There are a number of aspects to consider in the three new key documents - the revised Ireland / Northern Ireland Protocol , the revised Political Declaration and the UK Unilateral Consent Declaration related to the procedure for approving the continued operation of the above-mentioned Protocal every four years - which have appeared as part of Boris Johnson's recommended revised " Brexit" withdrawal deal.
There are many similarities between Mrs May's 2018 deal and Mr Johnson's revised 2019 proposed deal and some differences.
The most obvious difference is the removal of the controversial "backstop" from the new deal but what the Labour Opposition Leader, Jeremy Corbyn, seems to be most exercised about in the new deal is that the proposals "risk triggering a race to the bottom on rights and protections". In that context, he is reported to have instanced the possible lowering of food safety protections and environmental standards and workers' rights, together with the possible opening up of the NHS to takeover by US private corporations, as particular risks.
The proposed revised non-legally binding Political Declaration sets out in Paragraph 77 what it means by a "level playing field for open and fair competition". This corresponds to Paragraph 79 of the Political Declaration of 25th November 2018 and it is interesting to compare the two - because the differences in language appear to be at the heart of Mr Corbyn's concerns.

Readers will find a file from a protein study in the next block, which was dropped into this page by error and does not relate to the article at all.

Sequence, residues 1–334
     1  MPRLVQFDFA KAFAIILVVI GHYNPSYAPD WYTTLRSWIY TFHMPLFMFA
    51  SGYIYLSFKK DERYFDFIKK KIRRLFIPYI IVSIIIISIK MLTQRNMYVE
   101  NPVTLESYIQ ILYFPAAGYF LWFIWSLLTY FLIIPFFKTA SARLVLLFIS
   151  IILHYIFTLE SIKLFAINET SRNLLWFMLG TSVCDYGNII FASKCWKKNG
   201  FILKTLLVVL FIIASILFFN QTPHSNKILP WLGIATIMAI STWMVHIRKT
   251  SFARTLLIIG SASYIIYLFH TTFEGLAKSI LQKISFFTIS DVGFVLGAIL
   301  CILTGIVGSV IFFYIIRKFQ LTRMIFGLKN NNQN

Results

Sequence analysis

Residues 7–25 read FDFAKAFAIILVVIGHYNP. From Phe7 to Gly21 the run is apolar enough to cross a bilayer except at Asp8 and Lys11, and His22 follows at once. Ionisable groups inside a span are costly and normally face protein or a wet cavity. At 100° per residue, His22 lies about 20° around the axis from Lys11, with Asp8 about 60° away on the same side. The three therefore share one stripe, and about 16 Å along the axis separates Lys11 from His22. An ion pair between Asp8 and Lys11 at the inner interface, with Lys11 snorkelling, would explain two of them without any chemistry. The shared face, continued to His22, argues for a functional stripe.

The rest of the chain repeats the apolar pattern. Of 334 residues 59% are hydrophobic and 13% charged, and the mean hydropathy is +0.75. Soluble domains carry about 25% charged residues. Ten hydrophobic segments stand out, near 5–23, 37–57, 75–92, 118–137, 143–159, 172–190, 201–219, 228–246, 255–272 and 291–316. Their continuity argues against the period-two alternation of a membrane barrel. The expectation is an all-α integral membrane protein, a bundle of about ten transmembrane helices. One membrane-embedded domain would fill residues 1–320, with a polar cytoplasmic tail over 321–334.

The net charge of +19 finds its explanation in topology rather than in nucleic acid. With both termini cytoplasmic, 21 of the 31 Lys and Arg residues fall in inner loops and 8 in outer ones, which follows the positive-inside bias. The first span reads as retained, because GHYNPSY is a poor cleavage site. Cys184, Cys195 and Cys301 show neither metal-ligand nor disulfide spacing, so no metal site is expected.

The 2018 text refers quite directly to the need (arguably by implication, on an on-going basis ) to ensure and build upon existing level playing field arrangements in matters of state aid, competition, social and employment standards, environmental standards, climate change, and relevant tax matters, combining "appropriate and relevant [ European] Union and international standards with "adequate mechanisms" to ensure effective implementation domestically of these level playing field arrangements.
The revised 2019 text refers more airily to the need to "uphold the common high standards applicable in the [ European] Union and in the United Kingdom at the end of the transition period" in respect of the above-mentioned matters, relying as before on "appropriate and relevant [European] Union and international standards" as well as on "appropriate mechanisms" to ensure effective implementation domestically of these level playing field arrangements.
It may be that these differences of language are the literary equivalent of trying to dance on a pin-head in terms of their nuanced subtleties but it is by such things that deals can sometimes be made to stand or fall.
Whether or not they justify Mr Corbyn's expressions of concern is something that politicians on all sides will no doubt argue about.